Obtaining a full time position at a college is no easy feat. Professors tend to stay with a job and as a result the full time faculty positions that become available tend to be highly competitive when it comes time to fill those slots. A tenured job like this is very attractive and being these full time teaching positions are extremely desirable, it is not uncommon that a high pool of candidates will be applying.
So what do you do to separate yourself from other applicants?
*Networking. This is extremely valuable and can’t be emphasized enough. Attend any event or invite you receive that is associated with academia. When I worked for a college, I learned networking was an important part of becoming a member of the college community.
*Education. You’ll need a strong educational background to be accepted for a teaching position. Colleges may ask for official transcripts with your application.
*Develop a strong resume and portfolio. This is another important step in your mission to obtaining a teaching position. My boss always expected an applicant to have examples of accomplished work. If you don’t have much experience, you might want to consider teaching some non-credit courses to get your feet wet.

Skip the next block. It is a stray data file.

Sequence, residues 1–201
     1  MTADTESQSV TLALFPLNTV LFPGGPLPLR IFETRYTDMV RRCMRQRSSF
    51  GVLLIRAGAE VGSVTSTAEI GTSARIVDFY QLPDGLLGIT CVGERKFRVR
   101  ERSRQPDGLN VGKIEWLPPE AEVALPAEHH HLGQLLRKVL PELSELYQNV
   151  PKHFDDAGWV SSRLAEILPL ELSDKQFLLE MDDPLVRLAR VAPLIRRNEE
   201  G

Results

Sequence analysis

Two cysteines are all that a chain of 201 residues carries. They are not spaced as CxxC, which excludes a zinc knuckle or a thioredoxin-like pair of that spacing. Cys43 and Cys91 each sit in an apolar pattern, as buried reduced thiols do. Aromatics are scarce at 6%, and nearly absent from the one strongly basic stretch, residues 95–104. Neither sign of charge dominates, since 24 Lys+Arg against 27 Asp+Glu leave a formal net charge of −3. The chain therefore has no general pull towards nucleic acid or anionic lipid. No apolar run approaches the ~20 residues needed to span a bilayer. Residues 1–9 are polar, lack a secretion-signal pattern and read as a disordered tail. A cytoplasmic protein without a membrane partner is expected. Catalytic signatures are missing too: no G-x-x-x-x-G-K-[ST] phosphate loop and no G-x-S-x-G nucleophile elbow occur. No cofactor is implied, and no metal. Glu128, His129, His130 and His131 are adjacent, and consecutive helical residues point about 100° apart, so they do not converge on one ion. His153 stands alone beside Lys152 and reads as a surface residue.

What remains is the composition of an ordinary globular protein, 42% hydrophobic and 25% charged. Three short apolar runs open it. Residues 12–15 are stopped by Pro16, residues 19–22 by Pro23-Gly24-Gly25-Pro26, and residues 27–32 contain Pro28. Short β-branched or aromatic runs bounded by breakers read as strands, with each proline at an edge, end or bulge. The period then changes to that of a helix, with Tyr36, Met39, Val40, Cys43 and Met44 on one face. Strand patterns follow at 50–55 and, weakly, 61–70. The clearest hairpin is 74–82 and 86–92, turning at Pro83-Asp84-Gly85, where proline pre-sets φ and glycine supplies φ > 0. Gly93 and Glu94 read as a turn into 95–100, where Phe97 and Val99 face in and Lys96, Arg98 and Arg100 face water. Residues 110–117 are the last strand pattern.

*Apply for adjunct positions. What better way to get your foot in the door than to start by teaching a class or two each semester? By doing this you become part of the faculty and when a full time position opens up, you’ll already be known. If one doesn’t open up, having held part time teaching positions will demonstrate you have a level of experience when you apply at other universities.
*Learn how to find positions. Perform job searches on a regular basis using professional resources. It is unlikely to find these jobs advertised on bulletin boards or in the classified. Learn the where and the how faculty openings are advertised.
*Fine tune your people skills. You can possess all the tangible knowledge in the world, but without having strength in the “soft skills”, you’re likely to be passed over for the job. I worked with an adjunct professor who had no personable skills and students constantly filed complaints about his style of teaching and non-support in the classroom. His classes began to frequently be cancelled for low enrollment and the administration stopped asking him to teach courses. A college won’t want to waste time on a faculty member that cannot effectively engage students.
These are some of the observations I’ve made while working in a college administrative office with administrators and in talking with faculty members. Paying careful attention to detail will aid you in your quest to landing a full time faculty position. Faculty positions are highly coveted and very competitive, and in carefully cultivating your experience and credentials, you will be a stronger applicant. By having the patience and tenacity to carefully develop your qualifications for the job, it will be well worth the wait.